Before reading on, I invite you to read my expectations post on to perhaps compare where I was spot on, or purely wrong.
|taken from indiaeduhub.in|
As predicted, the story of a Mumbai man taking an unexpectedly long journey on a train was never going to be the focal point. It acted as a stimulus for the manic chemistry between SRK-Deepika, the absurd portrayal of Southern India and the stimulating action scenes. Some scenes effortlessly bought the house down and these took part mostly in the first half of the film. The entire sequence on the Chennai Express train was joyous; SRK putting his hand out DDLJ-style to welcome on crazy looking gangsters; the singing-in-speech between SRK-Deepika and the shoe-feigning are just a few examples. The madness continued strongly during the scenes at Deepika’s village, run by her intimidating father. I’d like to mention how beautifully the locations have been shot. I'm not sure how I’d feel if it was my village, my people and my language that was being so heavily mocked. However, I’d be happy at how beautiful my village has been made to look. I especially enjoyed the character of the Singh police officer, who bought some conventional relief alongside SRK. The movie lost its consistency in the second half as the focus shifted on understandably developing the love story between the central characters. That being said, some of this development seemed unnecessary. Shetty’s placement of two contrasting songs back-to-back is an example. Furthermore, SRK shouldn't be mocking iconic lines from his own movies and I understand that this is going to be an unpopular opinion but other than the aforementioned DDLJ sequence, none of the other dialogues were necessary. I can’t help but think of it as a desperate measure.
I thought SRK would struggle, I honestly did. To collaborate with a director who conventionally works with natural comedians such as Ajay Devgan, Abhishek Bachchan and the Golmaal team, I thought SRK would be found either trying too hard or simply not funny enough. I was wrong. SRK delivers one of his funniest ever performances as Rahul the ‘Halwaii’ and at times, brings the house down single-handedly. He excels in the action scenes and is a natural during the romantic ones. As some random fan tweeted, Chennai Express proves that we are all still suckers for the tearful, cheesy and loving SRK. We feel hurt when he’s getting beaten up and feel satisfied when he’s achieved. However, the star of the show was surprisingly not the King Khan for me. It was the up and coming superstar that is, Deepika Padukone. The fact that a fairly new actress - sharing screen with one of the most iconic figures in Bollywood - can steal a show the way she has is testament to her undoubted growth and abilities as an actress. Deepika nails her language proficiencies, her scenes alongside SRK and delivers a great level of emotion when required. These two look brilliant together and I can’t wait to see them work again. Satyagraha doesn't get enough scope but both him and Nikitin Dheer look intimidating and right for the part.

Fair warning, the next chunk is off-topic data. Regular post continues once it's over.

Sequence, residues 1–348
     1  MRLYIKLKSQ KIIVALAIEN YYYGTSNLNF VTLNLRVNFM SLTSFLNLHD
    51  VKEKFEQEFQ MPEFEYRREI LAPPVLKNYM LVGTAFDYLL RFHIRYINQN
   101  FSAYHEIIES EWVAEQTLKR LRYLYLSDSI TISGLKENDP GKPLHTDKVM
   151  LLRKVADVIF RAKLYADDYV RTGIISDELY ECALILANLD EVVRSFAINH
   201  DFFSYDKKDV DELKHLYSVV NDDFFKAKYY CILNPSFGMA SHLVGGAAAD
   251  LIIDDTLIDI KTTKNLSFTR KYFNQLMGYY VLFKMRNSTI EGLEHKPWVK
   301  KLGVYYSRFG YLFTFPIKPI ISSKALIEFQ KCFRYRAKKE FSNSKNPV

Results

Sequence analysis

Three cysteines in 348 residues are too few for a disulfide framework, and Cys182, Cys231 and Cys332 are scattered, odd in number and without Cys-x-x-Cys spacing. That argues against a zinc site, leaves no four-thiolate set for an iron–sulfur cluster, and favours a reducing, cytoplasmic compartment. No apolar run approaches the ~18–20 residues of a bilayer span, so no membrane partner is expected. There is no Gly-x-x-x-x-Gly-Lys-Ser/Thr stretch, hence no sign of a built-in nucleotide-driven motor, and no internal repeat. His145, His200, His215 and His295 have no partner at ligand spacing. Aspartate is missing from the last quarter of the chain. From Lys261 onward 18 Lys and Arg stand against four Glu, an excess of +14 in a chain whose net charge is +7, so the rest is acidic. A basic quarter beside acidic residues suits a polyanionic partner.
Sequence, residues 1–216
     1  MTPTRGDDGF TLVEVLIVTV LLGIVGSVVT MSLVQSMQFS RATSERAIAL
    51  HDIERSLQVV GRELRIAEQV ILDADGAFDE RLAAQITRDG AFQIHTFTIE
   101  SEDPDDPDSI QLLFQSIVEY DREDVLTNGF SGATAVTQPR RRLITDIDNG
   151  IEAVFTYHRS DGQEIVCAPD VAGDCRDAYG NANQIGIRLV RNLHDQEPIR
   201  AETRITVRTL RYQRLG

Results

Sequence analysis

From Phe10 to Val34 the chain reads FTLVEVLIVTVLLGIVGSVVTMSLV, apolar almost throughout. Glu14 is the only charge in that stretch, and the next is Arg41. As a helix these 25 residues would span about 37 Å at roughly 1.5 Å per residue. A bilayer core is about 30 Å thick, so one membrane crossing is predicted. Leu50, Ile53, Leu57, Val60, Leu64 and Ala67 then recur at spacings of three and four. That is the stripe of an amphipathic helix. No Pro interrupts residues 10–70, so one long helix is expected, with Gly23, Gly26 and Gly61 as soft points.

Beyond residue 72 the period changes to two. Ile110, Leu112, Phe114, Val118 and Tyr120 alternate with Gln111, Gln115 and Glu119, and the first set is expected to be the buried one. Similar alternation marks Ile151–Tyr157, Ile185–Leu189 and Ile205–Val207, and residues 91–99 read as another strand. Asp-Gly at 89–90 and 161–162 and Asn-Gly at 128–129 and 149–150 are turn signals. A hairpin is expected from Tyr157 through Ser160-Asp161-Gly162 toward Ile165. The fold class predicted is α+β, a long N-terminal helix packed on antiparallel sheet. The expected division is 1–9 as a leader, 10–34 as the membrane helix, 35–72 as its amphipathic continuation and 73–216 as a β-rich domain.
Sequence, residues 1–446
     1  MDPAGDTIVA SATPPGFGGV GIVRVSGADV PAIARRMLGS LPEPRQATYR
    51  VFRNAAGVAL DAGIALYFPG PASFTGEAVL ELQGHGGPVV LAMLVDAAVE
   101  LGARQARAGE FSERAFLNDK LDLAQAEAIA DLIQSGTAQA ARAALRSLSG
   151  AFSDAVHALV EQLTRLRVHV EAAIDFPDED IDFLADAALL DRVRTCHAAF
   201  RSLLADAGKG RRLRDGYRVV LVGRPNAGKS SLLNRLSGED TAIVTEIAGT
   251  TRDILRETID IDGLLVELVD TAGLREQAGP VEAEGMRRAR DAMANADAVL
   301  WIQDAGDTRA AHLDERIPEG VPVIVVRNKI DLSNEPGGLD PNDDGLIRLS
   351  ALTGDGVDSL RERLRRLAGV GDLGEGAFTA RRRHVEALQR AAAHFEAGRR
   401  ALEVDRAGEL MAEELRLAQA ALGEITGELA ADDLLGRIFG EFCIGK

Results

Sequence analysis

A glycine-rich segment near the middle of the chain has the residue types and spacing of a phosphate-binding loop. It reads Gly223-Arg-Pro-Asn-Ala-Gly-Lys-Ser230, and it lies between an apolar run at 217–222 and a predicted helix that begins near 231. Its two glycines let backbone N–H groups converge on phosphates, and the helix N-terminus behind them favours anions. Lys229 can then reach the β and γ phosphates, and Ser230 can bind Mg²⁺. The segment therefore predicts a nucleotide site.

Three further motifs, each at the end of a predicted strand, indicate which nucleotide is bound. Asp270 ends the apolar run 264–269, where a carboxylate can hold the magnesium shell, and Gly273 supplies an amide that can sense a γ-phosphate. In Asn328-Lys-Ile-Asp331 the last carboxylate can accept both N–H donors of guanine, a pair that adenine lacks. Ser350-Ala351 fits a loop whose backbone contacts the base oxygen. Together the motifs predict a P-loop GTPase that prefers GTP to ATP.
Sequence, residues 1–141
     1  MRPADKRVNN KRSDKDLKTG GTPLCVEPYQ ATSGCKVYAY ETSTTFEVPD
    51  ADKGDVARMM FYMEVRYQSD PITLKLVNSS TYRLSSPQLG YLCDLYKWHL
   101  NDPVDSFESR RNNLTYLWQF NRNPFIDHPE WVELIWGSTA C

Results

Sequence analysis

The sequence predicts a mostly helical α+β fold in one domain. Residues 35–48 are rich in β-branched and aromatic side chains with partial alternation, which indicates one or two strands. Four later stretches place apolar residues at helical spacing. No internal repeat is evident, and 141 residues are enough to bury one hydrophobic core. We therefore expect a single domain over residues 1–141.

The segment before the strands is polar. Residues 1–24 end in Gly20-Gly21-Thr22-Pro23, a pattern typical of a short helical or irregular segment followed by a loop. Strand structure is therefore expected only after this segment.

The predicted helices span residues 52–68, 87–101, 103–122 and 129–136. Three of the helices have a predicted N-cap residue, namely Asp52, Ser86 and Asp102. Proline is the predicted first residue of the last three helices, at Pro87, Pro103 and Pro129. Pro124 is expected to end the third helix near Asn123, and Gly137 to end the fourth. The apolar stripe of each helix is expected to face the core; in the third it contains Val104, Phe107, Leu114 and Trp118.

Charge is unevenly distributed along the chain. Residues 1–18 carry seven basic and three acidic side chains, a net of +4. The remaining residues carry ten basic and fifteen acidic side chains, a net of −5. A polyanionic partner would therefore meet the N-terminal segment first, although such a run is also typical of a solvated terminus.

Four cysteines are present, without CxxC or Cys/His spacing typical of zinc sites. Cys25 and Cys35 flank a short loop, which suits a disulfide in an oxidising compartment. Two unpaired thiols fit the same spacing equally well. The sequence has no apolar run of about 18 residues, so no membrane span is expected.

The music of the movie could have been better placed, but One Two Three Four and Titli did well in keeping us in our seats. Chennai Express is truly a great entertainer and is the funniest movie of the year so far. The cast have done brilliantly, the locations look beautiful and the director’s work is visible throughout. Don’t take the movie seriously and once you've found you can do that, then go and enjoy this fun-filled train ride for what it is, not for what it’s not.